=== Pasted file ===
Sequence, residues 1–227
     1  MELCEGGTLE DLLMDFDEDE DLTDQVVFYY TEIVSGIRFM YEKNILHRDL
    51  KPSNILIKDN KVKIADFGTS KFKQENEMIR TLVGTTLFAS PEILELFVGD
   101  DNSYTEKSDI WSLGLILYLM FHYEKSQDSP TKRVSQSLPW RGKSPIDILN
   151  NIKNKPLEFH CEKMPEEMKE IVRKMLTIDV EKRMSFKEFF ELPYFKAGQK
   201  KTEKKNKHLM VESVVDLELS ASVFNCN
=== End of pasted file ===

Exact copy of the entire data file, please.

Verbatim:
Sequence, residues 1–227
     1  MELCEGGTLE DLLMDFDEDE DLTDQVVFYY TEIVSGIRFM YEKNILHRDL
    51  KPSNILIKDN KVKIADFGTS KFKQENEMIR TLVGTTLFAS PEILELFVGD
   101  DNSYTEKSDI WSLGLILYLM FHYEKSQDSP TKRVSQSLPW RGKSPIDILN
   151  NIKNKPLEFH CEKMPEEMKE IVRKMLTIDV EKRMSFKEFF ELPYFKAGQK
   201  KTEKKNKHLM VESVVDLELS ASVFNCN